contract to sell was unenforceable for failure to comply with the statute of
frauds. She also maintained that even assuming arguendo that she had,
indeed, made a commitment or promise to sell the property to the petitioners,
the same was not binding upon her in the absence of any consideration
distinct and separate from the price. She, thus, prayed that judgment be
rendered as follows:
[16]

1.

Dismissing the Complaint, with costs against the plaintiffs;


2.

On the COUNTERCLAIM, ordering plaintiffs to pay defendant moral


damages in the amount of not less than P2,000,000.00 and exemplary
damages in the amount of not less than P500,000.00 and attorneys fees
and reimbursement expenses of litigation in the amount of P300,000.00.
[17]

On September 24, 1997, the trial court, upon motion of the petitioners,
declared the other respondents in default for failure to file their responsive
pleading within the reglementary period. At the pre-trial conference held on
March 2, 1998, the parties agreed that the following issues were to be
resolved by the trial court: (1) whether or not there was a perfected contract to
sell; (2) in the event that there was, indeed, a perfected contract to sell,
whether or not the respondents breached the said contract to sell; and (3) the
corollary issue of damages.
[18]

[19]

Respondent Fernandez testified that she requested Lourdes Alimario to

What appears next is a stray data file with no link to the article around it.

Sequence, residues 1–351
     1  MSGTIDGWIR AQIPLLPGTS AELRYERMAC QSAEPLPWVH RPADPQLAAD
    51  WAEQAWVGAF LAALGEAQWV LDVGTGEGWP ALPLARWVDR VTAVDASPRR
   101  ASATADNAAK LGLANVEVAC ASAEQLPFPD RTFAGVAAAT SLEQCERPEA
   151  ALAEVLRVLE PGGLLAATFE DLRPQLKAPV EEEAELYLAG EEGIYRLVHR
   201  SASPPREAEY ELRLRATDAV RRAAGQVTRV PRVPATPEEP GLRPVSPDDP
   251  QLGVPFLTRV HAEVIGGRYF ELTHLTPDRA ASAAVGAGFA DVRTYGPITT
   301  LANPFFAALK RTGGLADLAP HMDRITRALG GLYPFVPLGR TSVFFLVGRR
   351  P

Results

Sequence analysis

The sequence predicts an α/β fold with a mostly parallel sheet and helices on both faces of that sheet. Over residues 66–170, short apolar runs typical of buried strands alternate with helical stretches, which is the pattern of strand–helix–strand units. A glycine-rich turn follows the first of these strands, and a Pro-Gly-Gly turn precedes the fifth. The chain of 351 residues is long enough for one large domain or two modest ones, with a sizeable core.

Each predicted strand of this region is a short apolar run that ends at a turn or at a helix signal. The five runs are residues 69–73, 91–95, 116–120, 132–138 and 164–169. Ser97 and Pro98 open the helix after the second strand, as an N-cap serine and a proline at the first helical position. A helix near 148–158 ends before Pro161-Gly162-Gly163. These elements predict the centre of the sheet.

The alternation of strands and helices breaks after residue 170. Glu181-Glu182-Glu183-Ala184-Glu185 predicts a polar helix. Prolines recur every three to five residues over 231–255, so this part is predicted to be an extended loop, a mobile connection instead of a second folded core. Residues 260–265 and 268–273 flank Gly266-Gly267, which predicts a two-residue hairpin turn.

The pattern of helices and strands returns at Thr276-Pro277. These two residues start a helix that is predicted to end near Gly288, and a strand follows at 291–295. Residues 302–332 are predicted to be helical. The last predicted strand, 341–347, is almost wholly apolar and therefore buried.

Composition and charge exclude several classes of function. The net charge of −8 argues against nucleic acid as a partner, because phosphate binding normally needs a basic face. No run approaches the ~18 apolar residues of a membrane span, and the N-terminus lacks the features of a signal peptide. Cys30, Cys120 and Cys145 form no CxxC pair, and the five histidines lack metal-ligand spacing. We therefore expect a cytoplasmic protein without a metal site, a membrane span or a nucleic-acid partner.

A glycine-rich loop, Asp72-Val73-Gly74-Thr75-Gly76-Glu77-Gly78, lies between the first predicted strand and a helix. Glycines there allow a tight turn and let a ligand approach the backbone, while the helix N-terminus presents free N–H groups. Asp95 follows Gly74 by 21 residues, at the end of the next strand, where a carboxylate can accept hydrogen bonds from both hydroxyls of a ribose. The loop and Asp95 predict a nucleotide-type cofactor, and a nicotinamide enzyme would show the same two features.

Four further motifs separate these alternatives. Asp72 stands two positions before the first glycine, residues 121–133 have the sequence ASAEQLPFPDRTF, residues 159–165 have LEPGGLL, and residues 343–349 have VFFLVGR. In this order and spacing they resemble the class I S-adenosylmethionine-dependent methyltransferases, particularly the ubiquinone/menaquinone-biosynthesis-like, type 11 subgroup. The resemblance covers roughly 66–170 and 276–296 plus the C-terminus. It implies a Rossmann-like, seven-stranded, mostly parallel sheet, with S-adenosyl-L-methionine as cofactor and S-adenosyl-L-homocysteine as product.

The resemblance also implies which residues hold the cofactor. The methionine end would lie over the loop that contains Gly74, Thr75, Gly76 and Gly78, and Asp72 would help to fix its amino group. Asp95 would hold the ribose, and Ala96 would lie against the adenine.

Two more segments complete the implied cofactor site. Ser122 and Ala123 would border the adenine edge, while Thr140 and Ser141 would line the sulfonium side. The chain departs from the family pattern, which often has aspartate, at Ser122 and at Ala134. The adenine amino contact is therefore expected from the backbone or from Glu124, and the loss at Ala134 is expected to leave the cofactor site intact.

look for a buyer of the properties in San Pablo City on a best offer basis. She

was later informed by Alimario that the petitioners were interested to buy the
properties. On November 27, 1995, along with Alimario and another person,
she met with the petitioners in the latters office and told them that she was at
the conference merely to hear their offer, that she could not bind the owners of
the properties as she had no written authority to sell the same. The
petitioners offered to buy the property at P150 per square meter. After the
meeting, respondent Fernandez requested Joy Marquez to secure a barangay
clearance stating that the property was free of any tenants. She was
surprised to learn that the clearance could not be secured. She contacted a
cousin of hers, also one of the owners of the property, and informed him that
there was a prospective buyer of the property but that there were tenants
thereon. Her cousin told her that he was not selling his share of the property
and that he was not agreeable to the price of P150 per square meter. She no
longer informed the other owners of the petitioners offer. Respondent
Fernandez then asked Alimario to apprise the petitioners of the foregoing
developments, through their agent, Agapito Fisico. She was surprised to
receive a letter from the petitioners dated January 5, 1996. Nonetheless, she